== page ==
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I neglected my self-care again

a pause on the KCT, cr. David Moskowitz

a pause on the KCT, cr. David Moskowitz

the practice of self-care is a constant awareness; we must regularly return to core rituals that nourish us.

one-third of my mission and my engagement strategy with clients for the past five (almost six!) years is the practice of self-care. though I understand and heartily preach the benefits of strategic rest, paring down unnecessary activities in one’s personal life, time alone, meditation, eating well and often, and getting enough rest, sometimes I don’t practice what I know to be true.

my recent bout of work and personal travel, though inspiring, drained me. you know why it drained me? I neglected my self-care.

for the last ten days I did not take the time to cook beautiful meals for myself. I meditated but only short, requisite sits, not the long somatic work I am in need of at this time of my life. I didn’t do my mat work. I ran in shoes that fit me poorly and ignored the pain of the blisters they gave me. I spent joyful time caring for my beloved tribe of people but, aside from some euphoric desert runs, didn’t spend time on myself.

most importantly: I didn’t spend a single day alone. for me alone time is crucial for my recovery process and to recharge my creativity. my spirit requires a heavy dose of lonely in order to do its gnostic work; to give without resentment to my baby; to show up with total presence for my friends, family, and clients.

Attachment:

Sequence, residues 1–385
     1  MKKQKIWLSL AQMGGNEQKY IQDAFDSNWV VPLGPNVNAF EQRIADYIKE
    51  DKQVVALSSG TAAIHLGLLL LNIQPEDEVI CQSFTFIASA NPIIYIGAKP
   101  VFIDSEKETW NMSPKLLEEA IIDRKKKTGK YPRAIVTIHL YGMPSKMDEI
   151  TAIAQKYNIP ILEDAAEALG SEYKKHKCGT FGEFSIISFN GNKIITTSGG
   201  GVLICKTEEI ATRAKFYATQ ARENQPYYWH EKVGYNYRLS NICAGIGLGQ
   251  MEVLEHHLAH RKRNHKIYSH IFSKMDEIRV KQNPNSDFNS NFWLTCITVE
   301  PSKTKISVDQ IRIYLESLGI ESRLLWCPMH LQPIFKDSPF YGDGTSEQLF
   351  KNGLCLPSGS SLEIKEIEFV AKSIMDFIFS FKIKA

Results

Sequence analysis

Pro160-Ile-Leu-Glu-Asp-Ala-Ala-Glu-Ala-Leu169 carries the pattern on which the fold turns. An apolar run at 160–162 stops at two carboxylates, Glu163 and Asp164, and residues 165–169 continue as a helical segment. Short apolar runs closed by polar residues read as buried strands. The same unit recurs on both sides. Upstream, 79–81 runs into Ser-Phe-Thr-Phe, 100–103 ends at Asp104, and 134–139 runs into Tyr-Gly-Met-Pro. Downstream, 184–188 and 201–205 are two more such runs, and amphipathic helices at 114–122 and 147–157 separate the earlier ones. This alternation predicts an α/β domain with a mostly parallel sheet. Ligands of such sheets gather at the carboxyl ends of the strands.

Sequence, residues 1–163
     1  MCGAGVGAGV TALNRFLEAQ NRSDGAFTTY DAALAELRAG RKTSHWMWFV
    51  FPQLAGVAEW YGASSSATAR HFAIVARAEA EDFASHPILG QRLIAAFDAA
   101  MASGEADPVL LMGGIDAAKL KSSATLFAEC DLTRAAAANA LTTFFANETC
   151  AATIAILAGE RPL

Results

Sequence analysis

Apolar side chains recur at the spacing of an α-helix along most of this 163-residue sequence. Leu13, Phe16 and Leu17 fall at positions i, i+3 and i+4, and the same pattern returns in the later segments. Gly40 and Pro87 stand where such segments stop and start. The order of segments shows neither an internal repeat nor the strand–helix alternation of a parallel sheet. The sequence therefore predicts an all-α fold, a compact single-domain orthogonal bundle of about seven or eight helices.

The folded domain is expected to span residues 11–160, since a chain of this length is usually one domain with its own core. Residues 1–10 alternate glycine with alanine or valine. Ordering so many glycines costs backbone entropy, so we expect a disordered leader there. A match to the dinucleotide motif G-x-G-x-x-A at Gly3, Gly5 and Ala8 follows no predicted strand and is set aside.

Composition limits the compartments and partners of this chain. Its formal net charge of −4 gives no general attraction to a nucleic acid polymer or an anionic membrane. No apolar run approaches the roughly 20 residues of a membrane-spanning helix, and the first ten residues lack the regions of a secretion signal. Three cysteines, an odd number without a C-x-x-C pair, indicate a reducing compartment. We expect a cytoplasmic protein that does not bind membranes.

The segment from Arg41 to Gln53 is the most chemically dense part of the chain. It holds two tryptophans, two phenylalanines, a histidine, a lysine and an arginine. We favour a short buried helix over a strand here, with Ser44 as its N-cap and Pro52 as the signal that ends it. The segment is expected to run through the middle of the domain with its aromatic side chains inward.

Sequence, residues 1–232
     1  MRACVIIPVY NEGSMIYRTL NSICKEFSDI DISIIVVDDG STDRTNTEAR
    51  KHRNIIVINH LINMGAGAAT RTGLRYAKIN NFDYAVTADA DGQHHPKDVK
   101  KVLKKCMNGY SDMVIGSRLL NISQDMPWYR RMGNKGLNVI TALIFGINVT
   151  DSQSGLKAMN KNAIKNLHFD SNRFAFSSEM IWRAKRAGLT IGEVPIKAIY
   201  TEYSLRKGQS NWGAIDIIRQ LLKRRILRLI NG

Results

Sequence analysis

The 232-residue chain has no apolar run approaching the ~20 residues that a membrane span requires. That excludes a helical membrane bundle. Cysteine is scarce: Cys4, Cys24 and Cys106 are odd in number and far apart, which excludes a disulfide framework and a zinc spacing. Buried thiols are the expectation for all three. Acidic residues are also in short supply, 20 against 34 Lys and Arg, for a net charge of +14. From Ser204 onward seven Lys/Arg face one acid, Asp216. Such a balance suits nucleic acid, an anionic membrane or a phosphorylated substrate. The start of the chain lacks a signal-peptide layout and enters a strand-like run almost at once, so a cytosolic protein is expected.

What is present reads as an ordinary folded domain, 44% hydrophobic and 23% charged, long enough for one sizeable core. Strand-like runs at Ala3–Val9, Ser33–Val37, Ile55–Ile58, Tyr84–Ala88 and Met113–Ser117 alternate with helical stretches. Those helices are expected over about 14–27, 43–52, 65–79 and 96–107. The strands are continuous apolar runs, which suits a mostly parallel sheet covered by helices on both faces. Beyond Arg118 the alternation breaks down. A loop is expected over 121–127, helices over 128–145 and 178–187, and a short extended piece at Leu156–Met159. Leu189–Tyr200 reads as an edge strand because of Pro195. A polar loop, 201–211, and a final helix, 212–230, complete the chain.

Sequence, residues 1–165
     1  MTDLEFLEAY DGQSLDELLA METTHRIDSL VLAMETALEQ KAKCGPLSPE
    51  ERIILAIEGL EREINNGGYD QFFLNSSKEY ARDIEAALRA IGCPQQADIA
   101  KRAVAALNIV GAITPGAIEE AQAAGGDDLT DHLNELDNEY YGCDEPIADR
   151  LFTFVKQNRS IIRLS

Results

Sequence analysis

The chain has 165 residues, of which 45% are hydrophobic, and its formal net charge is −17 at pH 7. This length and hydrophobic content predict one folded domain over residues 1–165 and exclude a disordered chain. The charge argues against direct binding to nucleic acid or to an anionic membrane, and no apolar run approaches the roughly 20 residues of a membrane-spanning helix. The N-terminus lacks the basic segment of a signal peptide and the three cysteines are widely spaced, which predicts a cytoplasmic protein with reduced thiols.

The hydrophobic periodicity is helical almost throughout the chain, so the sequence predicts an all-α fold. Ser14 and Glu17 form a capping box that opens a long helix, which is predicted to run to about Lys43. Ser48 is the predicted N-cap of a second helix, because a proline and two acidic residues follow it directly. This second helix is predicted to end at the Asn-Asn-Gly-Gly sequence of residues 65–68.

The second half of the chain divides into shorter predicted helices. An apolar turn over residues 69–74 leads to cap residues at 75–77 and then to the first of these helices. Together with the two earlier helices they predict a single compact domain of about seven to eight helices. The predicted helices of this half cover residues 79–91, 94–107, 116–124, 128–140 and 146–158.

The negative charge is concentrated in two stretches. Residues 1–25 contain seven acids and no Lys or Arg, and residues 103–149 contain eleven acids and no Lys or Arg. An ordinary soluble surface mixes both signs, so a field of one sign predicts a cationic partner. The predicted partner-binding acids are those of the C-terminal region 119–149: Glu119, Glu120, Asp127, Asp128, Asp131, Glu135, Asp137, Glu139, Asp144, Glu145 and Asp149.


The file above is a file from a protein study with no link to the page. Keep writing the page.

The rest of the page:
self-care, in pop culture parlance, is often mistakenly equated with this 'treat yo self' phenomenon. especially women are told to get their nails done, to buy a new outfit, to get dressed up, and these superficial, consumerist gestures are considered to be caring to oneself. perhaps these actions, done with presence and appreciation, can be caring gestures but self-care doesn't have to cost a thing. self-care also often does not have an external representation of having been completed - mostly because completion is not the goal with a practice.

the practice of self-care is a constant awareness; we must regularly return to core rituals that nourish us. this balance is not static, it is not 50/50, it is not attainable so that we can forget about it having accomplished it once and for all. like any practice, self-care requires us to learn, to un-learn, to regress, then return to what we know of ourselves and do the simple hard work again and again.

so today, tomorrow, and part of the next day I am taking to be almost totally alone, holed up in my little cabin, caring for myself.

in wellness,

Brittany Raven

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My favorite apps

 

Headspace: I began using this app when it first came out and have enjoyed watching the content available evolve into the robust array of meditations and articles on mindfulness. I found the content and rhythm of this app helpful for me, a meditator with seventeen years of formal mindfulness training, and my clients have found it appropriate when learning to meditate for the first time. The app includes meditations for all of the common mental health challenges my clients face from anxiety to insomnia to depression. New on the app is a series of meditations specifically designed for athletes. They offer a free ten-day trial period and I suggest you try this out.

Expectful: Specific to the childbearing year, the Expectful app is designed to help TTC, expectant, and postpartum mothers develop a meditation habit. I simply enjoy the folks over at Expectful and was even featured on their super useful podcast last year. Think of this app as more than a meditation app but also an excellent place to find support and evidence-based information on how mindfulness can benefit you and your new human. Big ups to Expectful leadership for offering access free-of-charge to moms in need - they also offer a free fourteen-day trial.